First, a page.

Today, I had the scariest episode yet. I was driving to the bank when all of a sudden it was like I got a really hard pvc, and then it was like I was paused for awhile. This was more than the normal pause you get when you have these beats. It left me gasping for air, and then very shaky all over. I drove myself to the er (with my little boy) and had all the tests they normally do. EKG, chest xray, blood , and everything was normal. I asked the doctor what he thought happened and he said I probably had a sinus pause. I asked him if this was dangerous, and he said it could be. Now I am scared to death. If anyone nows anything about this please explain, because I do not know what else to do. I still feel awful, and I am frightened. Jennifer
first.......relax............maybe you should wear an event monitor......maybe it was just a pvc with a compensatory pause. If you can catch it on it monitor you would know for sure. The mortality rate for sinus pause events is around 2% a year, and pacemakers are needed if they because worrisome. Did they not refer to a cardiologist for a follow up? They should have done so. He is the one you should be asking questions.
I just commented on this a week or so ago too! I get that long pause before my heart goes into the SVT rythym. It seems to last 3 seconds or so and I feel like I am fading out. Then it kicks into SVT. That doctor needs to be shot. he tells you the sinus pause could be, then sends you on your way? Go see a cardio and get a monitor. However, that pause has never been captured on my 24 hour moniter because it only happens 2 or 3 times a year.
I know exactly what you felt.
I do see a cardiologist because I have pacs. I developed those after childbirth, but these longer than normal pauses have me scared out of mind. Today was the first time that they knocked me on my bottom. I couldn't ignore this if I wanted too. When the pause finally ended it left me startled for air. How can I tell if this was 3 seconds or longer? It felt much longer than that. Can you tell me what is the difference between a compensatory pause and a sinus pause? I do have an event monitor on its way, it should be here by Friday. I also take a 12mg of the generic version of toprol xl, do you think that the beta blocker could be causing this? Can you explain how this pause takes place? I am sorry to ask so many questions, but I am scared.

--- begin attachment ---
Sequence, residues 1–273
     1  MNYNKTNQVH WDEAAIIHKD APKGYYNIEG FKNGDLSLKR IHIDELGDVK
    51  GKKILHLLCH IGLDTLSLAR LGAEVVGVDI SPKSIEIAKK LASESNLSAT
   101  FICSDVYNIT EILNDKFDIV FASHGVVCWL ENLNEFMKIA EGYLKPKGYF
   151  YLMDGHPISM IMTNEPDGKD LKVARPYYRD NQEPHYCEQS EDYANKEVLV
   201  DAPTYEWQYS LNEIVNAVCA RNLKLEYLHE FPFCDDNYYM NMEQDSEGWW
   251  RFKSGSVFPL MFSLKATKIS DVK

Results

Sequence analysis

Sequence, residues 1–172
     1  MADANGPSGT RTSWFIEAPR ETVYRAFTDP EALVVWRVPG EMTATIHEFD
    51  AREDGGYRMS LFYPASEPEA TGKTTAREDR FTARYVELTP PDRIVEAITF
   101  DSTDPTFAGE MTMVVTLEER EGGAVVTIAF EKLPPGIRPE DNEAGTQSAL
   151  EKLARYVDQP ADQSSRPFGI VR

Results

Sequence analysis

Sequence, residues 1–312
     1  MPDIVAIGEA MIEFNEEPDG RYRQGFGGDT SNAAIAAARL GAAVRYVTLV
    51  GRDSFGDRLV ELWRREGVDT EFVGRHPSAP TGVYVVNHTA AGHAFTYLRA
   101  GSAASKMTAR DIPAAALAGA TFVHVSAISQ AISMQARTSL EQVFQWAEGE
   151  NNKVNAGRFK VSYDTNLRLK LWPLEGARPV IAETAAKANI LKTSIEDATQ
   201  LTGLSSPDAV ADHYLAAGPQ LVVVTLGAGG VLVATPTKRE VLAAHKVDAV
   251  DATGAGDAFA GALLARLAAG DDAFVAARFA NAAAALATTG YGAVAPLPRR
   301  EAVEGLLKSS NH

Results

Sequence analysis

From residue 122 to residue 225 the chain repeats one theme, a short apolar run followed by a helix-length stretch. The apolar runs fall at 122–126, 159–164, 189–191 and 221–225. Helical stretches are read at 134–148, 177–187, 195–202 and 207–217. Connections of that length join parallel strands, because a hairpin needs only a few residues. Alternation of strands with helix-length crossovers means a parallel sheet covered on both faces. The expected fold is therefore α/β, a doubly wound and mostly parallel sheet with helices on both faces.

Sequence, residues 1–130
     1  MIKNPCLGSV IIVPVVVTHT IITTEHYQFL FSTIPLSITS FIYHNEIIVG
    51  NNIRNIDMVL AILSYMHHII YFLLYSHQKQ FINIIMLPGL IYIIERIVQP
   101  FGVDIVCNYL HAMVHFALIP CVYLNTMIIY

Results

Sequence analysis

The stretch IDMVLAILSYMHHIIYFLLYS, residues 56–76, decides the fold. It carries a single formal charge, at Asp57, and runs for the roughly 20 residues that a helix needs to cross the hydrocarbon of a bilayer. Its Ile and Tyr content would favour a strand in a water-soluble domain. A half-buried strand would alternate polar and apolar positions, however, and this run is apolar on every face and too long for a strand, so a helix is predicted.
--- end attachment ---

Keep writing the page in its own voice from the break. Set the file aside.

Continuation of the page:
Let me know if the event monitor picks up the pauses. Mine never did and my doctor didn't think it warranted additional testing because it only happens 3 - 4 times a year. This is truly life altering and I'm so sorry you worry because I know exactly how you feel.
I'm so sorry you're having a difficult time. Every once in a while I get a long compensatory pause too. I found this entry on the forum. I think you will find it reassuring. Let me know how you make out with your event monitor.
Firstly, many thanks for taking the time out of your busy schedules to answer my question, i really appreciate it.
Right, now i'm a little confused...i was reading through the posts yesterday and somebody gave their ECG report, which said 'no pvc's, no pauses' and it panicked me cos is sinus pause a completely different arrithymia to pvc's? I suffer from benign pvc's and I know exactly when one happens cos i feel a fluttery feeling, a SLIGHT pause and then a big thump. Reading through the archives i think most people feel this pause and then big thump and I think the explanation is that it takes longer to pump the excess blood out of the heart? Is this normal? My cardiologist said nothing about sinus pause, just that I have benign pvc's and the occasional PAC and not to worry-I don't ever feel any other pauses throughout the day, just with the feeling that accompanies the PVC's. I'm on 25mg atenolol x2 daily.
Am I worrying about nothing now? Or do all pvc sufferer's (or the one's that experience the big thump) also have sinus pause? It is a very quick pause mind you...
Anyway sorry to be a worrywart, just wanted some info.
Many, many thanks, have a great day.
This is completely normal. When your heart has a premature ventricular beat it resets your hearts pacemaker (sinus node) and can lead to a pause longer than the normal interval between beats. This longer interval gives your heart more time than normal to fill and leads to a larger volume of blood prior to contraction. When your heart is stretched -- like with this larger than normal blood volume following a PVC -- it leads to a stronger contraction. This is the skip......THUMP that you all feel after a PVC and is completely normal.
This is not a problem and don't give it a second thought.
And to Mattiebaby, kudos to any 72 year old that knows how to use the internet!!!!
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